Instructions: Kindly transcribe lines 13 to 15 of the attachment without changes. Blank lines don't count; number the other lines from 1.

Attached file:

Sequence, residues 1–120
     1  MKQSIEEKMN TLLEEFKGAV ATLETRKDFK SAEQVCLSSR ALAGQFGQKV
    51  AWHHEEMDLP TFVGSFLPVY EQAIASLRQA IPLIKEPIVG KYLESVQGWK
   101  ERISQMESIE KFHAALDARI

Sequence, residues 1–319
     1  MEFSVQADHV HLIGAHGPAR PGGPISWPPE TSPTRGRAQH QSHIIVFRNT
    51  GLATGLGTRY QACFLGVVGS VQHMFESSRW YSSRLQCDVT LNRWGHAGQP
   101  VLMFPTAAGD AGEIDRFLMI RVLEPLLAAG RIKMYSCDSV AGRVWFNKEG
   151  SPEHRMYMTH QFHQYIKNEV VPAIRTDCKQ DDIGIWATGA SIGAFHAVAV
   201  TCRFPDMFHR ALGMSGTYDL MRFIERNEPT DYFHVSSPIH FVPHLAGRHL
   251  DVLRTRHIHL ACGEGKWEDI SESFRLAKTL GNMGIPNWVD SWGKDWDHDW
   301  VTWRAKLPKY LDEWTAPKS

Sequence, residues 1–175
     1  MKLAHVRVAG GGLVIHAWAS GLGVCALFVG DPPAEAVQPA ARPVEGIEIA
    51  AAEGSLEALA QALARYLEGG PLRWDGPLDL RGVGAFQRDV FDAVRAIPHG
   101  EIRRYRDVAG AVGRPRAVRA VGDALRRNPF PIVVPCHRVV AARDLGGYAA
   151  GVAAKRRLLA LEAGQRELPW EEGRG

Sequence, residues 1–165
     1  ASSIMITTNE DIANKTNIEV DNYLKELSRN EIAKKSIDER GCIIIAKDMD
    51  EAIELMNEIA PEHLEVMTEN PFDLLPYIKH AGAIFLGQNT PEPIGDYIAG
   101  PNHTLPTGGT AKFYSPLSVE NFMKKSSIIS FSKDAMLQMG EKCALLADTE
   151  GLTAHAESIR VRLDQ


Sequence, residues 1–175
     1  MKLAHVRVAG GGLVIHAWAS GLGVCALFVG DPPAEAVQPA ARPVEGIEIA
    51  AAEGSLEALA QALARYLEGG PLRWDGPLDL RGVGAFQRDV FDAVRAIPHG